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    Welcome to Reilly Painting and Contracting, "The Home Mechanics," and Reilly Properties. We are your Cleveland home contractors who specialize in major home design projects and remodels, and minor home repairs. We also provide house rentals throughout Cleveland, Ohio.

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    "I would like to thank you for your consideration and good work. You completed the quality of workmanship that we have grown to expect from Reilly. I would expecially like to thank Derin and Spencer for their conscientious effort."

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  • Are You Ready For the Cloud?

    [caption id="attachment_3012" align="alignleft" width="331" caption="Are You Ready For The Cloud?"]software[/caption]

     

    For a good amount of time, the main discussion for technology and music gurus has been the Cloud. The Cloud System, in a nutshell, allows people to access all of their documents, music, movies and files from any source (computer, laptop, smart phone, iPad...). GQ breaks down this system more, asking the main question, "Should I be using it?"

    A few months back, my boss ('sup, Jim!) asked if I knew a better way to sync the music on his home and work computers. He'd been shuttling new MP3s into the office on a portable hard drive every few weeks just to keep up-to-date. Physically moving music is so analog he might as well have been copying tracks onto a blank Maxell cassette, but I didn't have a better idea—at least not one that wasn't a level-five IT-nerd work-around.

    And then, lo and behold, the cloud rolled in with promises of storing our tunes in the electronic ether so that Jim and everyone else could press play from anywhere: work, home, a smartphone, a buddy's place. Hallelujah! Problem solved. Somebody crank up "We Are the Champions." Then I tried using these new services, and Brian May's guitar solo came to a screeching halt. It's not that they're all horrible. Some are impressive, actually. But at this point, there's no best; there's just the best one for your situation. If you aren't allowed to store music on your work computer or find yourself eating ramen for the majority of your meals, try Google Music Beta. You can upload 20,000 songs for free and stream them from a web browser. The catch: It's invite-only, and it might not be free forever. Also, it took me two weeks to upload 5,000 songs. Two. Weeks.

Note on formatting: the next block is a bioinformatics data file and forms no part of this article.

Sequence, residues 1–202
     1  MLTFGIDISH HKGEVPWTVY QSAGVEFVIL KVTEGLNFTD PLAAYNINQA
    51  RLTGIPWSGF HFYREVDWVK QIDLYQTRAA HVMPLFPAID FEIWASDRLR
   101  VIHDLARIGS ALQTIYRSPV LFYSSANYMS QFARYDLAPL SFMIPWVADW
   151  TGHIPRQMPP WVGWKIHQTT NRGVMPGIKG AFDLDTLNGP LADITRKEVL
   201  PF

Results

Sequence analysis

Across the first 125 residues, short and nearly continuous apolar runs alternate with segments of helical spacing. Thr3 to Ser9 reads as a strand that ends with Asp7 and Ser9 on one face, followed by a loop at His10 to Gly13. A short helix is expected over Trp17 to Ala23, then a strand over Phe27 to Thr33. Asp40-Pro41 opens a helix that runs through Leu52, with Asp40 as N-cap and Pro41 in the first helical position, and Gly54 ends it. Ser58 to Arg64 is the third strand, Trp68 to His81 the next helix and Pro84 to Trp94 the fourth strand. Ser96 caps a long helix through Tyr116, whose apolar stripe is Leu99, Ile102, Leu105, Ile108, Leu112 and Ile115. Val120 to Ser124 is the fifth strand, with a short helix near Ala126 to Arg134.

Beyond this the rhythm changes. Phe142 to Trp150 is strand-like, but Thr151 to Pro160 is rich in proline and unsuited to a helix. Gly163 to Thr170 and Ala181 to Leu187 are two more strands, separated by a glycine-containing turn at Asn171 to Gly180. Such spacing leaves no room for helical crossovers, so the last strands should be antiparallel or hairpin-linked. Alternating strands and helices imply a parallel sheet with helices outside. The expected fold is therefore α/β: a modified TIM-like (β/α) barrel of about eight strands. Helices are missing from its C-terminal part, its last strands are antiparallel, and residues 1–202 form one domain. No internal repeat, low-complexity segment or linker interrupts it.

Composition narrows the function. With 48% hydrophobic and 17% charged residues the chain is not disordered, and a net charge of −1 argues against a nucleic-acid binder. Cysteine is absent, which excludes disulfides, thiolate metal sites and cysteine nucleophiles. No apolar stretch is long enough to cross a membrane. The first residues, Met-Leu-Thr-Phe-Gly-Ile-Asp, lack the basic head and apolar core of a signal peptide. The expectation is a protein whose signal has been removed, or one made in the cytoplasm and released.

Amazon's Cloud Player is essentially Google Music Beta, but it costs money and it's uglier. Pass.

    If, like my boss, you just want to keep your iTunes library synced across a slew of computers and iDevices, then Apple's iCloud (didn't see that name coming) is the obvious choice. The new iTunes Match service scans and, um, matches the songs in your library to its 18-million-track collection—you only have to upload what it doesn't have. It costs $25 a year, part of which goes to music labels as penance for all those albums you "borrowed from a friend." Also, you can't stream songs, only download them. Which makes iCloud more like iBackup Storage.

    But I want to play music, not move it around. Which is why I'm all for services like Rdio and Spotify. For five to ten bucks a month, I can stream every song in their ginormous catalogs as much as I want. You have 20,000 tracks in your iTunes library? Spotify has 15 million.

    Read more at GQ

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